The scenes where Faustus uses his power for practical jokes are in stark contrast to those where something meaningful happens to him. There are three places in the play where Marlowe’s genius can be seen illuminated by perfection of metre and rhetoric; the scene where Faustus conjures up Mephistopheles, the scene in which he speaks to Helen of Troy and Faustus’ last hour on Earth. It has been suggested by some that Marlowe only wrote these three scenes and the rest was added by someone else. However these are probably the same people who think Marlowe and Shakespeare are the same man.
Even so, these scenes were unmatched in their word play and metre until Shakespeare. This play is timeless because its subject matter is still interesting today and because the force of Marlowe’s conviction cannot help but invoke emotions in even the most soulless of critics. Possibly Marlowe’s greatest gift to English literature was his metre. Marlowe was the real creator of the most famous, most versatile and noblest of English measure, the unrhymed decasyllabic (ten syllables) line called blank verse. Blank verse or iambic pentameter as it is known was first used twenty or so years before Marlowe, however it was intolerably monotonous.
The metre comes from the Greek Iambic trimeter, which was a twelve- syllable line with six feet. The experimenters were perceptive enough to see that the more slowly moving English language would require five feet instead of six. The result was such lifeless pieces as this from Gorboduc: Your lasting age shall be their longer stay, For cares of kings, that rule as you have ruled, For public wealth and not for private joy, Do waste man’s life, and hasten crooked age, With furrowed face and with enfeebled limbs, To draw on creeping death a swifter pace.
They two yet young shall bear the parted reign With greater ease, than one, now old, alone, Can wield the whole, for whom much harder is With lessened strength the double weight to bear. This piece is unbelievably tedious, and without a sensitive ear ike Marlowe’s, blank verse would never have been the great measure that it is. What Marlowe did was to revise the internal structure of the single line. In some lines he substituted an iamb (- / ) for a spondee (- – ), a tribrach (/ / / ) or a dactyl (- / / ) in certain feet, which made each line more interesting and versatile.
Also, while having a few lines strictly conform to the norm, he created lines with four, three even two groups of sounds. By using these devices, Marlowe transformed blank verse from a stiff and monotonous to a varied and flexible metre, as can be seen in Faustus’ invocation to Helen: Was this the face that launch’d a thousand ships? And burnt the topless towers of Ilium? – Sweet Helen, make me immortal with a kiss. – The first line is regular, with five feet and five stresses. The second has the same number of stresses, but the grouping of the words is irregular.
Whereas the third is completely irregular. It is Marlowe’s greatest gift to English literature that he ma naged to develop a metre which gave the author more creative freedom than any other before or since. Marlowe’s writing is reflective of the spirit of the Elizabethan age in a number of ways. His subject matter and characters in his plays often question the validity of the church. He has been criticised for being an atheist, for example he was accused of blasphemy in his portrayal of Helen in Dr.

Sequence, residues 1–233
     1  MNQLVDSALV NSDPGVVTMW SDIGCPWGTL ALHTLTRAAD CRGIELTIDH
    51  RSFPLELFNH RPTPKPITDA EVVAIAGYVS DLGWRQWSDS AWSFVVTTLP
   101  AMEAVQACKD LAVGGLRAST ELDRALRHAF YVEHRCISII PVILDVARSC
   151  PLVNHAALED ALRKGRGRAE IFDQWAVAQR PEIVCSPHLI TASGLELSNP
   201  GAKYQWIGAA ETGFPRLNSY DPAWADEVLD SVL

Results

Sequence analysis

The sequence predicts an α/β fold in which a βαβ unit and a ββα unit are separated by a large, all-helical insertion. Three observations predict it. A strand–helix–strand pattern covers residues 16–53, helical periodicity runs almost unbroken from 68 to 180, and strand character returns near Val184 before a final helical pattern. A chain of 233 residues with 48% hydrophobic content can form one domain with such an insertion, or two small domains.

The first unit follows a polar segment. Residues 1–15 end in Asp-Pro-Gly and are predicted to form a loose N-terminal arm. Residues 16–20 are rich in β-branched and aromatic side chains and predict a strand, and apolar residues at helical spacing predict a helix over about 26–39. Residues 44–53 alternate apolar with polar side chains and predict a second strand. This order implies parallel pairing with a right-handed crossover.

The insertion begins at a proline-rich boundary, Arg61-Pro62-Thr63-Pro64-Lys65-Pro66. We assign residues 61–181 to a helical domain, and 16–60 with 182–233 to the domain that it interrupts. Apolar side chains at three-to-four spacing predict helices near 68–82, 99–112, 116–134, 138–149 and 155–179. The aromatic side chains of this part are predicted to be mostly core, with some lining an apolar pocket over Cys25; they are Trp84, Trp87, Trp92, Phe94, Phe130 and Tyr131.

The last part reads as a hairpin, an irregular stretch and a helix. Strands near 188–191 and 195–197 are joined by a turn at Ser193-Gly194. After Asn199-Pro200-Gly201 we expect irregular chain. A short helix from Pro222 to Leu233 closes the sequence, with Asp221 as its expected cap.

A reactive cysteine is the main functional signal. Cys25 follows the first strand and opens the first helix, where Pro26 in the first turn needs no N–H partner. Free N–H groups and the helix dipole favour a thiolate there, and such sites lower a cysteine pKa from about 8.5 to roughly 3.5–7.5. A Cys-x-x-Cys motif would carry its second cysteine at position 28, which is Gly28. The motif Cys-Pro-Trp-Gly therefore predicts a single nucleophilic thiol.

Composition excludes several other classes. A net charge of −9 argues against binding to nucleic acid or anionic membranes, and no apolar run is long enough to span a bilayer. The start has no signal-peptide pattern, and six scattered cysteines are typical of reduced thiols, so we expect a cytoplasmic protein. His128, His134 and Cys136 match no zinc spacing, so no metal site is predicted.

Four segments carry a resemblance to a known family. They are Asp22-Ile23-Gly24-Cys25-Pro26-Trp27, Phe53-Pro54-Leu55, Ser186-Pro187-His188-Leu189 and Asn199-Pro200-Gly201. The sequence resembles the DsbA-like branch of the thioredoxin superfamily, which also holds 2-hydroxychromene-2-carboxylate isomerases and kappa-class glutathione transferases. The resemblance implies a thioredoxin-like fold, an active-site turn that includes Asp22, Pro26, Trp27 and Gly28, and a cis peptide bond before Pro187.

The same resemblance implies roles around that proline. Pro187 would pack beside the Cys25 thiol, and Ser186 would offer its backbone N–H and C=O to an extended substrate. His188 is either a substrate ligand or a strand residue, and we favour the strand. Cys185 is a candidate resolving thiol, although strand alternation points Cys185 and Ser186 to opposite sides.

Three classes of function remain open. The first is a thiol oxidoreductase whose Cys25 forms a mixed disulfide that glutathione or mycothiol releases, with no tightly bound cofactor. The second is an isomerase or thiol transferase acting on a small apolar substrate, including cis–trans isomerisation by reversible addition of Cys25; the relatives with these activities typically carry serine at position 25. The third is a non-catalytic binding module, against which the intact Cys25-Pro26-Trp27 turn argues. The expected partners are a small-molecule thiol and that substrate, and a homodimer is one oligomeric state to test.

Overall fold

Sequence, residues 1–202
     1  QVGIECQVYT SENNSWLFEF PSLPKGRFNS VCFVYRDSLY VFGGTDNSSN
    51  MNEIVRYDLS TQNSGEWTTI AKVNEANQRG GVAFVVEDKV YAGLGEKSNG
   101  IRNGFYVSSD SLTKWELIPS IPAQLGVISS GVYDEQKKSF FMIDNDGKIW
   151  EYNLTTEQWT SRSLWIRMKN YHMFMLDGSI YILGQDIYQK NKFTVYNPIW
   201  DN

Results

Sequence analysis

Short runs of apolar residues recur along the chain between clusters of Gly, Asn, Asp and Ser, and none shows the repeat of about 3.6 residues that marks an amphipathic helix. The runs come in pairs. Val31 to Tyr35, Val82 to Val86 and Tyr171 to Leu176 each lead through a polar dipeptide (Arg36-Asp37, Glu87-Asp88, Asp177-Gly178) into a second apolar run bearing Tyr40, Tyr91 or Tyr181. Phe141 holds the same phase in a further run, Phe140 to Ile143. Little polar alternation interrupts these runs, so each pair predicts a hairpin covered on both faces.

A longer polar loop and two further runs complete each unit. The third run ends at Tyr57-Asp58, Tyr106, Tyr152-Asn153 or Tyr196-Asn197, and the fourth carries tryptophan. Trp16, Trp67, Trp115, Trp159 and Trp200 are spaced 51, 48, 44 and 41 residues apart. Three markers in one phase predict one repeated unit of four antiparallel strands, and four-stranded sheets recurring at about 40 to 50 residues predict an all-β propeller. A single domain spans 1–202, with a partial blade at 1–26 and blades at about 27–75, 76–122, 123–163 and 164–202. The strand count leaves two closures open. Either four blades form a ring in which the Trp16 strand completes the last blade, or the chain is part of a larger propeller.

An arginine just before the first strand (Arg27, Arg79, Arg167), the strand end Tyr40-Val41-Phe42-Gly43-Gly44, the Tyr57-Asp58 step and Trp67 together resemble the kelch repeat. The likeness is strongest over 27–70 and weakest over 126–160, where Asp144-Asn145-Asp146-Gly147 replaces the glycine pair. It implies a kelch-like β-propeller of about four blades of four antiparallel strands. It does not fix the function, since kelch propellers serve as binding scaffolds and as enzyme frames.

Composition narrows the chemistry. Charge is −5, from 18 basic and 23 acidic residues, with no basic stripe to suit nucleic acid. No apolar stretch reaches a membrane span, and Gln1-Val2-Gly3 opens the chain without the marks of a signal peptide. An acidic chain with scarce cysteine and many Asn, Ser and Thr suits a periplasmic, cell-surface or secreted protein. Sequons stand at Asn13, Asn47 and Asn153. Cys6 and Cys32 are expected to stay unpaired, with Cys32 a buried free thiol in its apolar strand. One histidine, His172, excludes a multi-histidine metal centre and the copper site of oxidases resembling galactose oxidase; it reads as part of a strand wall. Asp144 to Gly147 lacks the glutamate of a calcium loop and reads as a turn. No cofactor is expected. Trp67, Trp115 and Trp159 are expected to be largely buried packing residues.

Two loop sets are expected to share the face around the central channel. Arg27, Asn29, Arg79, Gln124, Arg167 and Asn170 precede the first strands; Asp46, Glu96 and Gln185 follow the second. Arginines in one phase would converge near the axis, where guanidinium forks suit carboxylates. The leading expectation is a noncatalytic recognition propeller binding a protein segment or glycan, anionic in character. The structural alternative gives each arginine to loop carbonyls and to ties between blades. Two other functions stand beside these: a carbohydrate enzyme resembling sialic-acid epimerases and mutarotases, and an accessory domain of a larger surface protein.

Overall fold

Faustus She is seen as a goddess who has the power to cleanse Faustus’ soul, even though God cannot. She is more powerful than the virgin Mary, and the fact that Marlowe presents the proposition that God is incapable of redeeming Faustus’ soul farther aggravated the church. This new thinking about the church is part of the spirit of the Elizabethan age due to King Henry VIII’s reformation. In many Elizabethan plays, the main character is a merchant of some sort, due to the rise in power of these middle class businessmen.
This can be seen in many plays of Shakespeare, as well as Marlowe’s The Rich Jew of Malta. Also the protagonists in Marlowe’s plays are often similar to Everyman, particularly Dr. Faustus, except that these characters are individuals, and not mankind in general, in that the character learns something which is important to the audience as well. The Everyman plays were written shortly before Marlowe’s birth, and again this re- haracterisation by Marlowe is a reflection of the spirit of the times in his works.
Lastly, the fact that Marlowe used iambic pentameter, as well as having drama as his writing style is representative of the Elizabethan age. Although these were contributions to English literature, Marlowe really set the trend for this age, and many contemporaries of his used these techniques. In that sense, one of Marlowe’s contributions to English literature was that he defined a lot of the aspects of Elizabethan literature. Marlowe’s revolutionary use of literature is both representative of the ge, as well as a contribution to English literature.
Marlowe contributed greatly to English literature. His works are excellent on their own; though he also revitalised the tragedy as well as developing blank verse, one of the most beautiful, flexible and versatile of metres. His work is representative of the spirit of the Elizabethan age in that Marlowe used drama as his chief form of writing, his subject matters were demonstrative of this age, for example the loss of belief in the church, and he wrote in iambic pentameter which became very popular before the end of this age.